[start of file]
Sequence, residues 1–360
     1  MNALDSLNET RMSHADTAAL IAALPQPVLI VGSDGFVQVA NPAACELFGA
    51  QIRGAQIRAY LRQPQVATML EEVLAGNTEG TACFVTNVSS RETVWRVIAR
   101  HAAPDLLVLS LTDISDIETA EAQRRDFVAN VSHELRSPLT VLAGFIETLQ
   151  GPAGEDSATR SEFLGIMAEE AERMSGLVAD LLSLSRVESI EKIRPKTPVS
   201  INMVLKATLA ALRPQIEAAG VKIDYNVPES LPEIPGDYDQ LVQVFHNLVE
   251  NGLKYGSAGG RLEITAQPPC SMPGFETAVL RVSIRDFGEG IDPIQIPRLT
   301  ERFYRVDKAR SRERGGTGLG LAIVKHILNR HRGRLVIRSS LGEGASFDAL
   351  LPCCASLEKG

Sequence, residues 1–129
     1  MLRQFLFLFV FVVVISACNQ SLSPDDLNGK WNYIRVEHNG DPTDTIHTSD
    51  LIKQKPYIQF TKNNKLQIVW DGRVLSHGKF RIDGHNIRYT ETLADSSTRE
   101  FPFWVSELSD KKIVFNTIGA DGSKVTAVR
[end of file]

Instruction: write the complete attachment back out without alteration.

Sequence, residues 1–360
     1  MNALDSLNET RMSHADTAAL IAALPQPVLI VGSDGFVQVA NPAACELFGA
    51  QIRGAQIRAY LRQPQVATML EEVLAGNTEG TACFVTNVSS RETVWRVIAR
   101  HAAPDLLVLS LTDISDIETA EAQRRDFVAN VSHELRSPLT VLAGFIETLQ
   151  GPAGEDSATR SEFLGIMAEE AERMSGLVAD LLSLSRVESI EKIRPKTPVS
   201  INMVLKATLA ALRPQIEAAG VKIDYNVPES LPEIPGDYDQ LVQVFHNLVE
   251  NGLKYGSAGG RLEITAQPPC SMPGFETAVL RVSIRDFGEG IDPIQIPRLT
   301  ERFYRVDKAR SRERGGTGLG LAIVKHILNR HRGRLVIRSS LGEGASFDAL
   351  LPCCASLEKG

Sequence, residues 1–129
     1  MLRQFLFLFV FVVVISACNQ SLSPDDLNGK WNYIRVEHNG DPTDTIHTSD
    51  LIKQKPYIQF TKNNKLQIVW DGRVLSHGKF RIDGHNIRYT ETLADSSTRE
   101  FPFWVSELSD KKIVFNTIGA DGSKVTAVR